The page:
As used herein, the terms “inner” and “outer”; “up” and “down”; “upper” and “lower”; “upward” and “downward”; “upstream” and “downstream”; “above” and “below”; “inward” and “outward”; and other like terms as used herein refer to relative positions to one another and are not intended to denote a particular direction or spatial orientation. The terms “couple,” “coupled,” “connect,” “connection,” “connected,” “in connection with,” and “connecting” refer to “in direct connection with” or “in connection with via one or more intermediate elements or members.” Similarly, the terms “bonded” and “bonding” refer to “directly bonded to” or “bonded to via one or more intermediate elements, members, or layers.”

Notwithstanding that the numerical ranges and parameters setting forth the broad scope of the disclosure are approximations, the numerical values set forth in the specific examples are reported as precisely as possible. Any numerical value, however, inherently contains certain errors necessarily resulting from the standard deviation found in their respective testing measurements. Moreover, all ranges disclosed herein are to be understood to encompass any and all sub-ranges subsumed therein.

While the present teachings have been illustrated with respect to one or more examples, alterations and/or modifications can be made to the illustrated examples without departing from the spirit and scope of the appended claims. In addition, while a particular feature of the present teachings may have been disclosed with respect to only one of several examples, such feature may be combined with one or more other features of the other examples as may be desired and advantageous for any given or particular function. As used herein, the terms “a”, “an”, and “the” may refer to one or more elements or parts of elements. As used herein, the terms “first” and “second” may refer to two different elements or parts of elements. As used herein, the term “at least one of A and B” with respect to a listing of items such as, for example, A and B, means A alone, B alone, or A and B. Those skilled in the art will recognize that these and other variations are possible. Furthermore, to the extent that the terms “including,” “includes,” “having,” “has,” “with,” or variants thereof are used in either the detailed description and the claims, such terms are intended to be inclusive in a manner similar to the term “comprising.” Further, in the discussion and claims herein, the term “about” indicates that the value listed may be somewhat altered, as long as the alteration does not result in nonconformance of the process or structure to the intended purpose described herein. Finally, “exemplary” indicates the description is used as an example, rather than implying that it is an ideal.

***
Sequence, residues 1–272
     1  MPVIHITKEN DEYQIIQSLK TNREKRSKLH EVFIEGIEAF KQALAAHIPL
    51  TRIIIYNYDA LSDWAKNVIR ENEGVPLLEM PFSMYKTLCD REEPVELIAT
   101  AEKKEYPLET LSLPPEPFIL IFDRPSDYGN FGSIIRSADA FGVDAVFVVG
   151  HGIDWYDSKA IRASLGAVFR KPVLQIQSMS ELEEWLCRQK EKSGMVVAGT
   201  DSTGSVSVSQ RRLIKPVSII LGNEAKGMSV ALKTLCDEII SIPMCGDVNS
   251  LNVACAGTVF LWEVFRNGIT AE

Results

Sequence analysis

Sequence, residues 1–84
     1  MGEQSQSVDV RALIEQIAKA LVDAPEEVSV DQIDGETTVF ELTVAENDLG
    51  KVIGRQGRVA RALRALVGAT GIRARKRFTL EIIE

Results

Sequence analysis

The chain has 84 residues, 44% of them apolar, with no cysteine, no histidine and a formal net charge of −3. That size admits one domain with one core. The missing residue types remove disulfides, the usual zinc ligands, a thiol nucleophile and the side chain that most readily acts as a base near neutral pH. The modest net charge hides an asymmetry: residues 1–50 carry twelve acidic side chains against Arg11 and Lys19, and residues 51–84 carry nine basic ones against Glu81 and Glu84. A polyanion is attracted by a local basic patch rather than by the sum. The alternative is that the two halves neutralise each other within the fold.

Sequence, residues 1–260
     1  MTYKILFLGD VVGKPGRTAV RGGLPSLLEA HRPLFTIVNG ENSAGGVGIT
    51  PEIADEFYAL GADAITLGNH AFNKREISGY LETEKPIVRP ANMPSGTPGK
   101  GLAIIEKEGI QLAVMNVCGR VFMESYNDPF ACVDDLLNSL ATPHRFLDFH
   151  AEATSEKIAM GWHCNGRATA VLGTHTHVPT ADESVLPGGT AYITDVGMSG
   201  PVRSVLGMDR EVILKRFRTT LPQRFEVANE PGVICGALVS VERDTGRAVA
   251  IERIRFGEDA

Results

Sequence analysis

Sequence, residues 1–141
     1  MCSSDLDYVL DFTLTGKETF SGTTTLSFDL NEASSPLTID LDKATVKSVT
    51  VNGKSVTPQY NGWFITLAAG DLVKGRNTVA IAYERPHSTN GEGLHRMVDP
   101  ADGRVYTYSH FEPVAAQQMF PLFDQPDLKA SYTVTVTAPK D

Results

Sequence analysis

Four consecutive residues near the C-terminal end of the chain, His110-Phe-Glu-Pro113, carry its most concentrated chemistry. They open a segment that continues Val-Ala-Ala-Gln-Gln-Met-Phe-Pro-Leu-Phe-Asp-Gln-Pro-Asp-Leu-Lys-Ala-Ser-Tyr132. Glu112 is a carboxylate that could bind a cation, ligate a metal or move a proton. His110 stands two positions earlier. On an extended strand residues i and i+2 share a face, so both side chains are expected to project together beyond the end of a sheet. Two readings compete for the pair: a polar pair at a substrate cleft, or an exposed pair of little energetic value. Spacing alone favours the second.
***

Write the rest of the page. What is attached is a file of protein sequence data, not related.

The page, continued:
It will be appreciated that variants of the above-disclosed and other features and functions, or alternatives thereof, may be combined into many other different systems or applications. Various presently unforeseen or unanticipated alternatives, modifications, variations, or improvements therein may be subsequently made by those skilled in the art which are also intended to be encompasses by the following claims.

Clause 1: A method, comprising identifying a first image; determining a distribution based at least partially upon an intensity of each pixel in the first image; determining that the distribution is bimodal; dividing the first image to produce a second image in response to determining that the distribution is bimodal, wherein the second image comprises a plurality of first pixels and a plurality of second pixels; and determining that a horizon is defined between the plurality of first pixels and the plurality of second pixels.